Convention Q&A: Good Leaders Forge Good Relationships
The key to being a leader, to helping achieve the goal of better healthcare at lower costs, is to foster good relationships. That was a finding of a recent study of leadership in HIM. During AHIMA’s 86th Annual Convention and Exhibit next week in San Diego, CA, Patty Thierry Sheridan, MBA, RHIA, FAHIMA, president of Care Communications, Inc.and a past-president of AHIMA (2012), and Valerie J. M. Watzlaf, PhD, RHIA, FAHIMA, on the faculty at the University of Pittsburgh in the Department of Health Information Management and the Graduate School of Public Health, and past-chair of the AHIMA Foundation’s Council for Excellence in Education, will discuss the study and how to lead healthcare professionals to embrace today’s challenges and thrive. Their session, “HIM Leaders and the Practice of Leadership,” will take place Wednesday, October 1, at 11:15 a.m.
This week, Sheridan shared some thoughts on what good leadership looks like with the Journal of AHIMA.
What does leadership mean in HIM?
HIM leadership is the pathway to ensuring that the HIM profession survives, thrives, and contributes to the greater good. Healthcare organizations need HIM leadership to light a path to the quality health information needed to achieve better healthcare at lower cost.
It’s easy to think of leadership as only for those with an executive or management title, but we are all responsible for exercising leadership, regardless of our position on the organization chart. I don’t think of leadership as a person or a position, but as a way of thinking and inspiring action. Leadership is reciprocal, not just in a leader/follower sense, but embedded in the interdependency of organizations.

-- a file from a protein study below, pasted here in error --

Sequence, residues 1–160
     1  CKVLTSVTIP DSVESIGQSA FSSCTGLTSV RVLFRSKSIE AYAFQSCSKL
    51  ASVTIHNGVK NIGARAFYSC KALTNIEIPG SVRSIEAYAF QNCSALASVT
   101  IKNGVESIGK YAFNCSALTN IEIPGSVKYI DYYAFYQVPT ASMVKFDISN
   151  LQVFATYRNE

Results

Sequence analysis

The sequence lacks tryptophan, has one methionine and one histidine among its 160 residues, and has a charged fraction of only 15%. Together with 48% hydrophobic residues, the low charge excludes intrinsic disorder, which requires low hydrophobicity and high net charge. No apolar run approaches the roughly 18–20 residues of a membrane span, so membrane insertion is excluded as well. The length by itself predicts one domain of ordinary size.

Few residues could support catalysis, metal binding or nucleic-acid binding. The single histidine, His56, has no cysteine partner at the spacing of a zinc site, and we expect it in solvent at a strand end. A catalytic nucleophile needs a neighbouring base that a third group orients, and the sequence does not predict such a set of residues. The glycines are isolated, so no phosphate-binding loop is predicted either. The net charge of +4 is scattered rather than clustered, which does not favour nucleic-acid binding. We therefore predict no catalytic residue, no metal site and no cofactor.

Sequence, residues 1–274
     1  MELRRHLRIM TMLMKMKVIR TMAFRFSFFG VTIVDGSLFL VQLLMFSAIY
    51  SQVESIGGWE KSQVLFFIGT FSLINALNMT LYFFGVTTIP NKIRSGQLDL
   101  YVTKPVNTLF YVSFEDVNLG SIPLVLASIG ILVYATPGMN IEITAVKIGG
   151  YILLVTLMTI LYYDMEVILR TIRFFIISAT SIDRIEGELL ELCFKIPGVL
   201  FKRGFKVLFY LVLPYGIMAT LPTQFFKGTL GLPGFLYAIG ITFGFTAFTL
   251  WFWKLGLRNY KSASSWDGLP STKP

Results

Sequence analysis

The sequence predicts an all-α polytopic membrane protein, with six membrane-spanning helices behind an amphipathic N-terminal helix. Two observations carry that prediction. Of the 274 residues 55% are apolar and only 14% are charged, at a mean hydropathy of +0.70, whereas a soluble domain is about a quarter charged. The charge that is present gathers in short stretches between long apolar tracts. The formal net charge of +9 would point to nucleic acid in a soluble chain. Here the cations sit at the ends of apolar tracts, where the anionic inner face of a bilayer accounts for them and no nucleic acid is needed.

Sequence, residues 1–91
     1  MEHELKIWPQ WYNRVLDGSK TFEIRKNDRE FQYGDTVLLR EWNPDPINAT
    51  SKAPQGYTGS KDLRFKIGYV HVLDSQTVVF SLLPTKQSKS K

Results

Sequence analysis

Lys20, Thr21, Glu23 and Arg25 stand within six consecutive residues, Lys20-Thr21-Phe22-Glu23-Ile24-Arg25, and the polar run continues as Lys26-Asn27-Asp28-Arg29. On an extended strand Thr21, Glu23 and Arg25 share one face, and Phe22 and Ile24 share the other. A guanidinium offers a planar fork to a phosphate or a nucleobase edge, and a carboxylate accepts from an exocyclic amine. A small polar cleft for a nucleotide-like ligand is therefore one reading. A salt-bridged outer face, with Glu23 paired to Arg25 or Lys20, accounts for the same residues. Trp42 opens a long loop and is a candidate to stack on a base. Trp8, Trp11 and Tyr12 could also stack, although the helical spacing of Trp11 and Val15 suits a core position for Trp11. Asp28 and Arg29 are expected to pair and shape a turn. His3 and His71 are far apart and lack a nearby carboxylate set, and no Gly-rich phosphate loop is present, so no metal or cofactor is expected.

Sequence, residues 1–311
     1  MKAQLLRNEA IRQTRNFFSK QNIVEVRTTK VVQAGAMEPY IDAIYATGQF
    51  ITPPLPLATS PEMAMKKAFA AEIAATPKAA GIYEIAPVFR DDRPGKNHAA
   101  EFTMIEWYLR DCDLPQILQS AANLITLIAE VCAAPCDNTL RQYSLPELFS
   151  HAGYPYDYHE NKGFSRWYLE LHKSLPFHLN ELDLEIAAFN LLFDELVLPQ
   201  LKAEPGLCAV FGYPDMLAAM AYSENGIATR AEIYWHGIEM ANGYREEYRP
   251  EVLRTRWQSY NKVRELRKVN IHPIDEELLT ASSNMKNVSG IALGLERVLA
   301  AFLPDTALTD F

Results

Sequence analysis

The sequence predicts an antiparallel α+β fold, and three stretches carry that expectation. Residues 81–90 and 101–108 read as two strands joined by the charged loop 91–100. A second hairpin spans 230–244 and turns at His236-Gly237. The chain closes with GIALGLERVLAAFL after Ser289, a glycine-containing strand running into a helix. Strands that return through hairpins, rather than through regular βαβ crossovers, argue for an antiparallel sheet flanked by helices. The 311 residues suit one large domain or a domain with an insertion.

This is a time for HIM professionals to reflect on what they value. Our values guide our behaviors in the workplace, in our families, and in the world in general. Without a clear sense of what we value and why, it’s very difficult to make a difference. And I think we all want to make a difference in some way.
Is leadership an important topic right now?
It may be the most important topic. The conversation about leadership is occurring across the entire healthcare system, and it’s needed from everyone in healthcare for the United States to achieve better care at lower cost.
Your session will discuss findings from a recent HIM leadership study. What was the impetus for the study?
My co-presenter, Valerie Watzlaf, and I wanted to study what HIM leadership “looks like” so we could articulate a vision for HIM leadership. The study explored the value HIM brings to an organization and the associated leadership behaviors.
Is there one ability or characteristic that HIM professionals can develop to be better leaders?
The study found that developing good relationships in our work systems is the key. Without good relationships, we can try to lead, but there will be no reciprocity, no one following.
Are you going to discuss anything in this session that you think will surprise attendees?
The study indicates that HIM directors and supervisors spend 80 percent of their time on management activities and only 20 percent on leadership. If those in authority positions are only spending 20 percent of their time on leadership activities, how will HIM professionals ever get to the proverbial table and solve the health data and information management problems of the day?
Catch up on the news and get insights from AHIMA’s 86th annual Convention and Exhibit held September 27-October 2 in San Diego, CA. For a complete list of event coverage on the Journal of AHIMA website, click here.